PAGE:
Sisters and rebels : a struggle for the soul of America
"Three sisters from the South wrestle with orthodoxies of race, sexuality, and privilege. Born in late nineteenth-century Georgia, Elizabeth, Grace, and Katharine Du Pre Lumpkin grew up in a culture of white supremacy. Their father was a member of the KKK; the older girls performed at rallies celebrating the 'Lost Cause.' While Elizabeth remained in the South, Grace and Katharine, moved by liberal Christianity and emboldened by the YWCA, became impassioned activists for social justice and groundbreaking progressive writers. In bohemian Greenwich Village and not-so-bluestocking Northampton, Massachusetts, they helped to forge a tradition of left-leaning, antiracist, and feminist dissent, while powerfully asserting their identity as Southern women. Distinguished historian Jacquelyn Dowd Hall places these ordinary yet extraordinary women in the center of American intellectual history, and explores how each sister came to different understandings of race, gender, and the South; committed, albeit in radically different ways, to remaking the region as a place they could continue to call home"--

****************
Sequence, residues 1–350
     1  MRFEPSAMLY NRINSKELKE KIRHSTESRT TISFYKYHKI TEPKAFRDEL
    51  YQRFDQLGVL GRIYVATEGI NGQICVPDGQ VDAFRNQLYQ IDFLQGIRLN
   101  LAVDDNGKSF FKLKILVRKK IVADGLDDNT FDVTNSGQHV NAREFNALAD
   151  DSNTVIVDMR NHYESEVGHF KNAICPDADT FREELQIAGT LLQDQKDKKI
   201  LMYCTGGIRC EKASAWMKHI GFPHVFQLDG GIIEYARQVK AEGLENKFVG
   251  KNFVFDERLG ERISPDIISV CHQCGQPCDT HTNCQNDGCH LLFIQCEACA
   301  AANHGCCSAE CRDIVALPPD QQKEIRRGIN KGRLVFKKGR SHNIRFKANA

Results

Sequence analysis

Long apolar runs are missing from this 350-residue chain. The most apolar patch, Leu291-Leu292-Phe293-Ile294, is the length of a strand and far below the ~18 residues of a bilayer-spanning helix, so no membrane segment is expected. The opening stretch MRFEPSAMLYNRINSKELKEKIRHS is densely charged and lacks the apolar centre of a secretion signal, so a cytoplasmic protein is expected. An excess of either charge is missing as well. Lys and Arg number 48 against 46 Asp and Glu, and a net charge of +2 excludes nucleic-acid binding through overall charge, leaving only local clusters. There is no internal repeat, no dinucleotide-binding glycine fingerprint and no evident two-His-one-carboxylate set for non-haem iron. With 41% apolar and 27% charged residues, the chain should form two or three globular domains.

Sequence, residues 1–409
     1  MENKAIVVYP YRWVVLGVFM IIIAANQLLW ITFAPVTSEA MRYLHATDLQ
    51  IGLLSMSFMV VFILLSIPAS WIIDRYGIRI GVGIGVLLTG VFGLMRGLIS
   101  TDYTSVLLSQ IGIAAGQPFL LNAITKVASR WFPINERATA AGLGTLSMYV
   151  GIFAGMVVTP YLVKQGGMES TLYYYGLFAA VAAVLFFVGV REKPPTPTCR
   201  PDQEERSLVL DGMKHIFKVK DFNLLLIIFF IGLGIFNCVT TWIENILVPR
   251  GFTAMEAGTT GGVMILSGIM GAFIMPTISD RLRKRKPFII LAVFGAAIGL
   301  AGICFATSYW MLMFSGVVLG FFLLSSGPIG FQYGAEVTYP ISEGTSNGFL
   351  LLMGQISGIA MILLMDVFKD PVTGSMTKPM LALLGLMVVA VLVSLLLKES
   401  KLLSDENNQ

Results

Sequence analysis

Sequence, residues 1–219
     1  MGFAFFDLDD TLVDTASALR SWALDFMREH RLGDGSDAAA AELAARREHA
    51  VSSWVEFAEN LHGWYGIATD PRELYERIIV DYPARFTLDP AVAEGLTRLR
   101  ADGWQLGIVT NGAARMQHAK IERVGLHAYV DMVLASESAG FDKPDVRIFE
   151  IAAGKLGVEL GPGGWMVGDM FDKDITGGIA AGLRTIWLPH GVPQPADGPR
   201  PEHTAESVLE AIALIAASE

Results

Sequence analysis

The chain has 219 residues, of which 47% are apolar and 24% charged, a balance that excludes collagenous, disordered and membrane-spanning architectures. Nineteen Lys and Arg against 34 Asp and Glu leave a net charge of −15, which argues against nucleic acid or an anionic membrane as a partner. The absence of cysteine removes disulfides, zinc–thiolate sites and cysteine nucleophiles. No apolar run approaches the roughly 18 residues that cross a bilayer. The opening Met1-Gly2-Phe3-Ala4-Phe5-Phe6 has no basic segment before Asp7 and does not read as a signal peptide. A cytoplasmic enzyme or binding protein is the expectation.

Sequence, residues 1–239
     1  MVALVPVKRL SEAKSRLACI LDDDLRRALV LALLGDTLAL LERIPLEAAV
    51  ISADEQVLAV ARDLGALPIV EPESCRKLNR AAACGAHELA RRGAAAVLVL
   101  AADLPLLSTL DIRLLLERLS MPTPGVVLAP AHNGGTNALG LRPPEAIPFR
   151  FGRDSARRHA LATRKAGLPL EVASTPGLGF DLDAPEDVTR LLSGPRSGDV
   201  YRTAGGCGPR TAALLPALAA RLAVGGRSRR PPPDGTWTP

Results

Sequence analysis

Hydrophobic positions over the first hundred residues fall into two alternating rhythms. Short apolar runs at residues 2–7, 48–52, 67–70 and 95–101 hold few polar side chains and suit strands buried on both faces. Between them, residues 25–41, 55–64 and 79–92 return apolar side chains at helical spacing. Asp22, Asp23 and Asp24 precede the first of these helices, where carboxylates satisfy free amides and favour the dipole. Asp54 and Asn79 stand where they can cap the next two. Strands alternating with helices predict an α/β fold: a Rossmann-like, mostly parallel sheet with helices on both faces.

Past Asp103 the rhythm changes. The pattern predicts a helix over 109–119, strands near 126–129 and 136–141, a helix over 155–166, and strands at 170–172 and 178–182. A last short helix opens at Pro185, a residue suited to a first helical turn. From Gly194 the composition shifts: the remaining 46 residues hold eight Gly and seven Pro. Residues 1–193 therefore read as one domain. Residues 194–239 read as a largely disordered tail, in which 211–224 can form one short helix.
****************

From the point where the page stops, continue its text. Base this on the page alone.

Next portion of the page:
- 1 of 1 copy available at OWWL.
Current holds0 current holds with 1 total copy.
|Location||Call Number /
|Wood Library Association - Canandaigua||305.8 HAL (Text)